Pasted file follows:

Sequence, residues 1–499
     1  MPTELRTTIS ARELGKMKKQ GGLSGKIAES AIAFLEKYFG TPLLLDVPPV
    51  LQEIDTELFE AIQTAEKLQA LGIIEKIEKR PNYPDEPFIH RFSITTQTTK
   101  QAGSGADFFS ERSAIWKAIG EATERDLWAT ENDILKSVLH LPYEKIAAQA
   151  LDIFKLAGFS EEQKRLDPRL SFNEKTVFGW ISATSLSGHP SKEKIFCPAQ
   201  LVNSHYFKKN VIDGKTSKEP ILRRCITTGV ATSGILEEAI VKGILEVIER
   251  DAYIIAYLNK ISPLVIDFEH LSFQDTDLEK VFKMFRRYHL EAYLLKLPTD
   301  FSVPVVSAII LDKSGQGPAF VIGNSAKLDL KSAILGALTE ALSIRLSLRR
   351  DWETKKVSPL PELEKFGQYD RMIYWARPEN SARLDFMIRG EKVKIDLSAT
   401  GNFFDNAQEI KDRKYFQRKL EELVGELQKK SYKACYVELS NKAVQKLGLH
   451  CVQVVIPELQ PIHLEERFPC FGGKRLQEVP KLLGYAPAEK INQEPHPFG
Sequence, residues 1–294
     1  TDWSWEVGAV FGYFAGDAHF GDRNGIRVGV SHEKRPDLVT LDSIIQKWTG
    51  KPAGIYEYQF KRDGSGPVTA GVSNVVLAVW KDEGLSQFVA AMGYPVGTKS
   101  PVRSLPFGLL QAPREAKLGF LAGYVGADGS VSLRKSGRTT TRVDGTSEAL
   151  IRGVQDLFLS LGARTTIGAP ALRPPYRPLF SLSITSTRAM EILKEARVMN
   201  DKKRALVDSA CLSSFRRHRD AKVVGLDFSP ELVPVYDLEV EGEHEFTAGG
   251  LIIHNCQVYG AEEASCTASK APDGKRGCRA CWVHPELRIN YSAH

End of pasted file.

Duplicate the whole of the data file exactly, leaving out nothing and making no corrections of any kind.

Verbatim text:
Sequence, residues 1–499
     1  MPTELRTTIS ARELGKMKKQ GGLSGKIAES AIAFLEKYFG TPLLLDVPPV
    51  LQEIDTELFE AIQTAEKLQA LGIIEKIEKR PNYPDEPFIH RFSITTQTTK
   101  QAGSGADFFS ERSAIWKAIG EATERDLWAT ENDILKSVLH LPYEKIAAQA
   151  LDIFKLAGFS EEQKRLDPRL SFNEKTVFGW ISATSLSGHP SKEKIFCPAQ
   201  LVNSHYFKKN VIDGKTSKEP ILRRCITTGV ATSGILEEAI VKGILEVIER
   251  DAYIIAYLNK ISPLVIDFEH LSFQDTDLEK VFKMFRRYHL EAYLLKLPTD
   301  FSVPVVSAII LDKSGQGPAF VIGNSAKLDL KSAILGALTE ALSIRLSLRR
   351  DWETKKVSPL PELEKFGQYD RMIYWARPEN SARLDFMIRG EKVKIDLSAT
   401  GNFFDNAQEI KDRKYFQRKL EELVGELQKK SYKACYVELS NKAVQKLGLH
   451  CVQVVIPELQ PIHLEERFPC FGGKRLQEVP KLLGYAPAEK INQEPHPFG
Sequence, residues 1–294
     1  TDWSWEVGAV FGYFAGDAHF GDRNGIRVGV SHEKRPDLVT LDSIIQKWTG
    51  KPAGIYEYQF KRDGSGPVTA GVSNVVLAVW KDEGLSQFVA AMGYPVGTKS
   101  PVRSLPFGLL QAPREAKLGF LAGYVGADGS VSLRKSGRTT TRVDGTSEAL
   151  IRGVQDLFLS LGARTTIGAP ALRPPYRPLF SLSITSTRAM EILKEARVMN
   201  DKKRALVDSA CLSSFRRHRD AKVVGLDFSP ELVPVYDLEV EGEHEFTAGG
   251  LIIHNCQVYG AEEASCTASK APDGKRGCRA CWVHPELRIN YSAH